Biblioteca digital: economía y sociedad
The Rise and Fall of the
Cuban Sugar Economy
Resumen: The rise of Cuban sugar production from 1800 to world dominance in the 1920s is briefly portrayed, together with its collapse, recovery and subsequent stagnation between the 1930s and the Revolution of 1959. The renewed and further growth of the sugar economy from 1959-89 is considered in the context of the uniquely favourable terms of trade then developed with the USSR and COMECON. These provided expanding markets and financed the technical transformation of the cultivation, harvesting, transhipment and processing of the sugar cane. From 1993 to 2002, following the implosion of the USSR and the dissolution of COMECON, Cuba could produce little more than one half of the average annual sugar output of the 1980s. This collapse and the inability of the island's planners to reverse it are discussed with particularly emphasis on post-1997 efforts to stabilise production and lower costs to meet persistently unfavourable world market sugar prices. A critical appraisal of the drastic 'restructuring' programme announced in 2002 is illustrated by primary data collected in fieldwork in 1994, 1996 and 2002 and Cuba's dramatic post-1991 decline from dominance in the international sugar trade is stressed.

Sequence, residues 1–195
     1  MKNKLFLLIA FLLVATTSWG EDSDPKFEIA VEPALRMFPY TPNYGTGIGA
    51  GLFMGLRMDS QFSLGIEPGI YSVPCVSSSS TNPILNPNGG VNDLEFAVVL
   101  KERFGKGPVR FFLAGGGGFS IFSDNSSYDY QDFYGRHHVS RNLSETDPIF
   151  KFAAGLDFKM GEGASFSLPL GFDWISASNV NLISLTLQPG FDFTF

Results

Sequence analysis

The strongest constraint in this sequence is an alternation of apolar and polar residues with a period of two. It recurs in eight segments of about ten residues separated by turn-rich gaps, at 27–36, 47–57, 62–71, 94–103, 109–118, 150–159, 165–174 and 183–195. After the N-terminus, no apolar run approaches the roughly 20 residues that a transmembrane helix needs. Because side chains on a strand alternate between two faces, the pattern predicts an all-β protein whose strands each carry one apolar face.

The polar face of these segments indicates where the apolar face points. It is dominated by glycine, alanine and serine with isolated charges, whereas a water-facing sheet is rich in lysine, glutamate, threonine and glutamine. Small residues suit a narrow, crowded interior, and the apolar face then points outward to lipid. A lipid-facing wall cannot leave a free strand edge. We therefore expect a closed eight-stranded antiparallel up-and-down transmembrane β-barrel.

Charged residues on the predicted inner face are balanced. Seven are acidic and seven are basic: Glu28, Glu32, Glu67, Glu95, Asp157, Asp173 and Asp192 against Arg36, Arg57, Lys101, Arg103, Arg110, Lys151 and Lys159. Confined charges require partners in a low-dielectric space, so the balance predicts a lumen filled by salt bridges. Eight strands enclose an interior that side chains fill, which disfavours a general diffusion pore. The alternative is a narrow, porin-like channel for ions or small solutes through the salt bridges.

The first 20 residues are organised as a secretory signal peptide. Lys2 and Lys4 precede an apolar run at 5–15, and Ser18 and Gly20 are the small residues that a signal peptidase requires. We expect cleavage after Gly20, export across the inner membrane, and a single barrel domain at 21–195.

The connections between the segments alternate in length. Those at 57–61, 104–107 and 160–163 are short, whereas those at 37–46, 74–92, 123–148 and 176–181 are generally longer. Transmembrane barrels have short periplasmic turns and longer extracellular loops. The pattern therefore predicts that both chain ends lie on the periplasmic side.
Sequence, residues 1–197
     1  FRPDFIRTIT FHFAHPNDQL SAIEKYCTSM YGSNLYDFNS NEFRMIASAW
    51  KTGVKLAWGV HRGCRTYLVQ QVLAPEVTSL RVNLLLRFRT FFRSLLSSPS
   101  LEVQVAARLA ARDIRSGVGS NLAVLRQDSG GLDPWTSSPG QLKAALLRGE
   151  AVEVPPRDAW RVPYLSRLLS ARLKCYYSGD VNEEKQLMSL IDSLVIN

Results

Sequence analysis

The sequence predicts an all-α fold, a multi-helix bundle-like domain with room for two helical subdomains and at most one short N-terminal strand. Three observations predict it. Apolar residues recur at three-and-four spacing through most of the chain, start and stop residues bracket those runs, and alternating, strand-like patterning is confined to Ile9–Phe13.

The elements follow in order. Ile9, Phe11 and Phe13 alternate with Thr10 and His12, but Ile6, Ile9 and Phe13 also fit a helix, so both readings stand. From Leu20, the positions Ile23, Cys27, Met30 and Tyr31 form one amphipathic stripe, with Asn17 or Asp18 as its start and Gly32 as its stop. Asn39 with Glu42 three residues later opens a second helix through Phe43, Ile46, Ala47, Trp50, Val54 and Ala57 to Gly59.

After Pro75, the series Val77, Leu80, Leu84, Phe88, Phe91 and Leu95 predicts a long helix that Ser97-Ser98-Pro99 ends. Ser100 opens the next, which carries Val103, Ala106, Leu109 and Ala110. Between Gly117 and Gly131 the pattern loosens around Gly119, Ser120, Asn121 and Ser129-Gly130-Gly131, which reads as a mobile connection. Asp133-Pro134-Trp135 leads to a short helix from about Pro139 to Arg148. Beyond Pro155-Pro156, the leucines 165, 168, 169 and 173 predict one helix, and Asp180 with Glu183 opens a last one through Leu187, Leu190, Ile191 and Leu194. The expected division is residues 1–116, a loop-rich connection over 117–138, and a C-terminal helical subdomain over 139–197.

Como citar: Pollitt, B. (2004).